Lovers of cannabis may be familiar with hopping on a plane and casually bringing along a stash for when they land.
However, with WNBA star, Brittney Griner, recently being detained and jailed in Russia for carrying medical cannabis cartridges, it doesn’t hurt to revisit the legality of flying with cannabis and to review the laws.
What TSA is Looking For
In 2001 the TSA was formed in the United States after September 11 and is committed to keeping our skyways safe. This means that the TSA is mainly looking through luggage for weapons.
But while they search for weapons, they might also come across your stash.
TSA has gone on the record saying that they, “do not search for [cannabis] or other illegal drugs, but if any illegal substance is discovered during security screening, TSA will refer the matter to a law enforcement officer.”
However, while the TSA is not explicitly looking to bust people for cannabis, they are a federal organization and will get the local police involved in the event that they find something.
It’s impossible to predict how the police will act, so the best thing to do is just not to bring your cannabis unless it’s CBD, and within the United States.
State to State
Depending on the state that you are trying to catch a flight in, law enforcement officers may be relatively chill and just make you confiscate your cannabis.
That, or they may write you a ticket, give you a court date, or arrest you (depending on how much cannabis you have).
Illinois is among the first states to set up cannabis amnesty boxes. These boxes are for travelers who are about to go through security and then realize that they accidentally have THC-rich cannabis in their bag. Not many people use the boxes… but they exist.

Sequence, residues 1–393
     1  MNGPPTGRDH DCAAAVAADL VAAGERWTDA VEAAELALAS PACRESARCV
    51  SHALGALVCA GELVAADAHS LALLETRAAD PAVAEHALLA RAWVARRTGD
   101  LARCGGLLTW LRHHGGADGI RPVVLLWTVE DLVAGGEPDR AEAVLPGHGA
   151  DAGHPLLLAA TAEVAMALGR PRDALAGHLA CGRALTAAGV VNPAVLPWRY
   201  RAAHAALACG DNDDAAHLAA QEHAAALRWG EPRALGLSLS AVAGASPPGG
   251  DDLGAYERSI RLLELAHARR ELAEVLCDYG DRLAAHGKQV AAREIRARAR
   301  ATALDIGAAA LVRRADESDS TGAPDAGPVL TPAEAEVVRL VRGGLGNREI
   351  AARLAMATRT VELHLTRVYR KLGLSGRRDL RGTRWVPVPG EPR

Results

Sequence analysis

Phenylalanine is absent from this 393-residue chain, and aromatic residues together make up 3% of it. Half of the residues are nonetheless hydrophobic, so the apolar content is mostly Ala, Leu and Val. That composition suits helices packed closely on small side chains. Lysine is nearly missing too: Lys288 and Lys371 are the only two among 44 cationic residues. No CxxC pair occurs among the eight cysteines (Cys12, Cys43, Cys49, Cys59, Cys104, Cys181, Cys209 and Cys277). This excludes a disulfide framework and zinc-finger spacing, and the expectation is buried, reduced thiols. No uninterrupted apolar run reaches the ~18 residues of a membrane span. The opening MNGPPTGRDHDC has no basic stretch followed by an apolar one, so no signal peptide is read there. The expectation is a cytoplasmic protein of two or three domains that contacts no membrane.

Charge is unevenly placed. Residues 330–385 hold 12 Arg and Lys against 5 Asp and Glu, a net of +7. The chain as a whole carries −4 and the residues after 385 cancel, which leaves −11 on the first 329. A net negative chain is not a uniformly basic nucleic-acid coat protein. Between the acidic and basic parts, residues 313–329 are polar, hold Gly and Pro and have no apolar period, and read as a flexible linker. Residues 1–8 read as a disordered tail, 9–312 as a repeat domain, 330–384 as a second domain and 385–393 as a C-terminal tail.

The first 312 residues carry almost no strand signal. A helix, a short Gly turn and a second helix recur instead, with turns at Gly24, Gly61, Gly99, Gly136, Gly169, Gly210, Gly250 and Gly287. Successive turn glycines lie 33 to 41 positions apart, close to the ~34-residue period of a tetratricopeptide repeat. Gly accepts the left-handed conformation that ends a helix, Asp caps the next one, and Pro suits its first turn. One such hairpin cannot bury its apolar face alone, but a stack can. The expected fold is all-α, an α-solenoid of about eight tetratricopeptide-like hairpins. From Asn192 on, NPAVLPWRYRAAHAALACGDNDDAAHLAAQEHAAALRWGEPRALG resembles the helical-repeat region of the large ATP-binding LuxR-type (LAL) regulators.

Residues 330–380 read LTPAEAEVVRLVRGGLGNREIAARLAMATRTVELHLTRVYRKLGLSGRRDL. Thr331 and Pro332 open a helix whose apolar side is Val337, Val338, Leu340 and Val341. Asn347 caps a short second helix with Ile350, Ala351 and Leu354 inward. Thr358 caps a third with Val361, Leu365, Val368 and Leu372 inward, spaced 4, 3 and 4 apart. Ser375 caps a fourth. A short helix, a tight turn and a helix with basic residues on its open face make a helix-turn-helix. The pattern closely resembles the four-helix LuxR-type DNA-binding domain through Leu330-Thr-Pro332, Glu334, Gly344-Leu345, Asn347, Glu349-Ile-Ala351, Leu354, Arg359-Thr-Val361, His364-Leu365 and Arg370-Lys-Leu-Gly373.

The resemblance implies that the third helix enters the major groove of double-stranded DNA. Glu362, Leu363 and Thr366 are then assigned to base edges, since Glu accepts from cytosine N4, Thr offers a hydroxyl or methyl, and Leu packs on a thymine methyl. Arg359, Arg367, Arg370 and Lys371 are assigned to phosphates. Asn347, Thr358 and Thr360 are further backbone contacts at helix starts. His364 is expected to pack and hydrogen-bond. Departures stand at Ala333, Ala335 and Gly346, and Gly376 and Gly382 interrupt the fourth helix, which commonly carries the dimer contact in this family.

Cannabis may be legal for recreational use in 18 states (and medical use in 38 states) but it still remains illegal on a federal level.
What if you are flying from one state where cannabis is legal to another state where cannabis is also legal?
Well, the air space that you must travel through falls under federal jurisdiction. Unless you are carrying CBD, which is non-psychoactive and has less than .03% THC, you are breaking the law.
Are the Laws the Same for Medical Patients?
If you have a medical card and are caught carrying cannabis from a state where cannabis is legal to a state where cannabis is illegal, your medical card won’t do you any favors.
It is also worth reiterating that even if you are traveling from a state where cannabis is legal, to another state where cannabis is also legal, the airspace between the two states is governed by federal policy, which dictates that cannabis is illegal.
However, due to the Farm Bill of 2018, hemp is perfectly legal in all 50 states.
Products with CBD as the main ingredient that contains less than .3% THC are good to go.
But I’ve Flown With Cannabis Before
Whether you have accidentally flown with cannabis or did it purposely by picking a good hiding spot among your belongings, it may have been possible to fly with cannabis in the past.
But, bringing the focus back to Brittney Griner, other countries are not so lax. Russia recently sentenced Brittney to 9 years in a penal colony for accidentally bringing her doctor-approved vaping cartridges in her luggage upon entering the country for a basketball tournament.
Be sure to examine local cannabis laws for international travel. Many countries do an additional security check once you arrive at foreign airports before you are able to physically enter the country and begin your trip.
Places like Japan have extremely strict laws regarding cannabis. If you are caught with cannabis that has any amount of THC, you will not only be arrested and jailed but you will never be allowed back in the country again. Yikes.
The TSA in the United States is not looking to apprehend anyone, but the issue goes beyond TSA and gets dealt with by local police. If you have flown with cannabis without repercussion, you are lucky to not have been caught.
If you are confused about which CBD products are allowed onboard (only if you are flying within the United States), feel free to ask one of our JARS representatives which federally legal products they recommend.
Flying with cannabis is illegal. Don’t do it.